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Re: Preferred git branch structure when upstream moves from tarballs to git




Sam Hartman writes ("Re: Preferred git branch structure when upstream moves from tarballs to git"):
> Ian Jackson <ijackson@xxxxxxxxxxxxxxxxxxxxxx> writes:
> > The latter point is because using dgit push is an ethical
> > imperative, not because the two somehow have some deep
> > technical linkage.  IMO almost *any* tutorial being written now
> > about how to do Debian packaging, and which mentions git at
> > all, ought to say to use dgit.
> 
> I think this is at the crux of our disagreement.
> I'm going to need to think about this for myself.

OK...

> I think it's safe to say there is not a project consensus that dgit is
> an ethical imperative.

Indeed.

> And yes understanding that you believe that's the case makes it a lot
> easier to understand the rest of your mail.

Good.

> As I said I'll need to think about whether I agree with that.  A lot of
> my thinking in this discussion is that I consider dgit a nice to have,
> not a requirement.

I guess I have stated the reasons already, but to recap:

 * Users should be able to easily change the software that runs
   on their computer.

 * "Easily" requires source code which:
      - can be built using a standard set of runes
      - will produce the same binaries as official Debian ones
      - can be reliably located
      - can be easily modified
   apt provides this, if you think tarballs+diffs are enough, but:

 * Nowadays people want the source code as the git history.
   When upstream and Debian are both using git, then arguably
   tarballs+diffs is not really the preferred form for modification.
   I.e. the .dsc source package is not really the source code.

>From these we can conclude:

 * Debian should provide source code as git branches which:
      - can be built using a standard set of runes
      - will produce the same binaries as official Debian ones 
      - can be reliably located
      - can be easily modified (using standard git commands)
      - contain the git histories we are actually using ourselves

There is only one way to do this.  It is `dgit push[-source]'.

Vcs-Git and Salsa do not provide this.  Occasionally people propose
alternative technical approaches.  So in theory there might be some
other way of achieving the goal.  But people have been proposing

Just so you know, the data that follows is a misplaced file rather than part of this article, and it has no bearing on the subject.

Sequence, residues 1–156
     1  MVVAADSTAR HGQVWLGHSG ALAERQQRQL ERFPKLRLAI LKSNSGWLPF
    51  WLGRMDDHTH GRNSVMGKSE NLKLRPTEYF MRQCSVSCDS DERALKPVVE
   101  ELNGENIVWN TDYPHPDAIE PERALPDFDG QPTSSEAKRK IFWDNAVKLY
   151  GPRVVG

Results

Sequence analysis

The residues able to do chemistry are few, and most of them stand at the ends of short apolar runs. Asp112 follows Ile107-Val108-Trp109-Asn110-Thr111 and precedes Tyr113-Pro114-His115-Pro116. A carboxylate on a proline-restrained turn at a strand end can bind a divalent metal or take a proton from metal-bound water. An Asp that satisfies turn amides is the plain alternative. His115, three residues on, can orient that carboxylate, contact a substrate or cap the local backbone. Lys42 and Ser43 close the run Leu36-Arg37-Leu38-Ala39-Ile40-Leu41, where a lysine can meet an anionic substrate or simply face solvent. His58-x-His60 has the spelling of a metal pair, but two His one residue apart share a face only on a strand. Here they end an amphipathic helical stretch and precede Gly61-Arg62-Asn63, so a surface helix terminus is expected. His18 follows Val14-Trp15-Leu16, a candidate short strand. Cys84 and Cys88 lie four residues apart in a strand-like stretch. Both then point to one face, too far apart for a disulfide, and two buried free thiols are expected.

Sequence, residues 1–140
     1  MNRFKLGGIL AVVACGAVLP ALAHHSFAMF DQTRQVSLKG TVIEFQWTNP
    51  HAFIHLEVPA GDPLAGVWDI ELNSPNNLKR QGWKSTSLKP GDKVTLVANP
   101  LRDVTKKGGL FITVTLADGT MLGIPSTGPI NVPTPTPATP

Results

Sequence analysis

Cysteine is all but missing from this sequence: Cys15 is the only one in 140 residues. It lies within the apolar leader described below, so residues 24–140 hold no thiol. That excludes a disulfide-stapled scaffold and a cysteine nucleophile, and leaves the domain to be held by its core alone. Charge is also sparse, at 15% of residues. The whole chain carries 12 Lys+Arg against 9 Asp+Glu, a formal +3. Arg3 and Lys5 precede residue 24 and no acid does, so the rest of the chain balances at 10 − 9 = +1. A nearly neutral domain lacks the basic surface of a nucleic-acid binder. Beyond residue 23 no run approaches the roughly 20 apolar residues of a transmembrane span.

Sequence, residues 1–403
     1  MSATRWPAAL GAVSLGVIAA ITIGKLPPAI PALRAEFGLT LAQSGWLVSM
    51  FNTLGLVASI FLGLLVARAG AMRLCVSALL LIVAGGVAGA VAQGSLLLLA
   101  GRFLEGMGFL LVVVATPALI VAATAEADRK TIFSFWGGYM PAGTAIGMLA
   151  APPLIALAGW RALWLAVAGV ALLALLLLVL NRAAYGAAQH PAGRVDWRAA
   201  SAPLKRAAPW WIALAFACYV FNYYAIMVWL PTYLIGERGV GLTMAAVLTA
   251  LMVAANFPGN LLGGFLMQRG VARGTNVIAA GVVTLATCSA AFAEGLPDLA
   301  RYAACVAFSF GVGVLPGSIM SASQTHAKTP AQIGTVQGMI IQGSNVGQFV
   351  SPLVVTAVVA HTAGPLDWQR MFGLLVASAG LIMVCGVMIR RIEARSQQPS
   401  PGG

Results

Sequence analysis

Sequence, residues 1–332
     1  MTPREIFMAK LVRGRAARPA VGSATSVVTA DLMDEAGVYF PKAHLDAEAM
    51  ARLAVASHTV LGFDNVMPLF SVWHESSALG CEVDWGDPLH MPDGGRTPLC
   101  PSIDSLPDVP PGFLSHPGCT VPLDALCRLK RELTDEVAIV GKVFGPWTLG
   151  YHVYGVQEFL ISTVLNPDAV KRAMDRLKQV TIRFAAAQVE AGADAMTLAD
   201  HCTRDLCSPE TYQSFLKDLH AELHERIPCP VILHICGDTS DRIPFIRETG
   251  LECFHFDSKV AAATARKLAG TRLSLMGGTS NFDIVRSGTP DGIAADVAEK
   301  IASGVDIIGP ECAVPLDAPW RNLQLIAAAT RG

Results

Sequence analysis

technical approaches to this question for a very long time - a decade
at least.  Joey Hess and I came up with a design which was actually
implementable, politically practical, deployable and operable, and I
have implemented it, negotiated for it, deployed it, and am now
operating it.

dgit push involves minimal change to maintainer workflows and does not
gore anyone's ox, unlike all most of the (at best vapourware)
proposals before and since.


> If you accept the premis that everyone should be using dgit, I agree
> with you.
> I don't think the gbp documentation has adopted that premis.

Indeed.


> > The only reason dgit needs to get involved in your build
> > process is because of the .gitignore bug.  (#908747)
> 
> Well, and dgit wants to construct my dsc, which means it wants to
> construct my changes, which... means it wants to call sbuild or
> something else for me.

The only reason dgit wants to construct your dsc is #908747.  If you
can avoid #908747 some other way then you can build things however you
like and dgit push will work just fine. [1]

Of course if you are doing source-only uploads, as we should be doing
all the time (we're still shipping maintainers' binaries?!!11eleven)
then you do not need to really "build" anything and `dgit push-source'
suffices.  Of course it makes a .dsc but that is an affordance rather
than an inconvenience.


I recognise that your message was in some sense "I will go away and
think" rather than an invitation for me to further engage in advocacy
to you.  I hope you don't mind that I've done so anyway.  Feel free
not to reply.  But I did want to say these things for the benefit of
other readers.

And yes, do please file bugs if you disagree with dgit about things.
I welcome inchoate bug reports, although I don't promise not to reply
with "that doesn't sound right, please send steps to reproduce" :-).

Regards,
Ian.


[1] I would love it if dgit never needed to get involved in building.
There's tons of code in dgit to deal with the quirks of everyone's
favourite build tools.  I appreciate that wrapping the build tools in
yet another layer is very undesirable.

All of this is only necessary because of #908747.

Why didn't I try to get #908747 fixed ?  Well, it was one of dgit's
original principles that it would not require anyone else's permission
or assistance, at least not for anything remotely controversial.
Without that principle the project would have been totally stalled.

Looking at the history of #908747 you can see that I was right.

The result is that dgit contains many many ugly workarounds.  Each of
these workarounds generated a bug report against some other Debian
package.  For the most annoying bugs, requiring the worst
workarounds, I don't think any have yet been fixed.


-- 
Ian Jackson <ijackson@xxxxxxxxxxxxxxxxxxxxxx>   These opinions are my own.

If I emailed you from an address @fyvzl.net or @evade.org.uk, that is
a private address which bypasses my fierce spamfilter.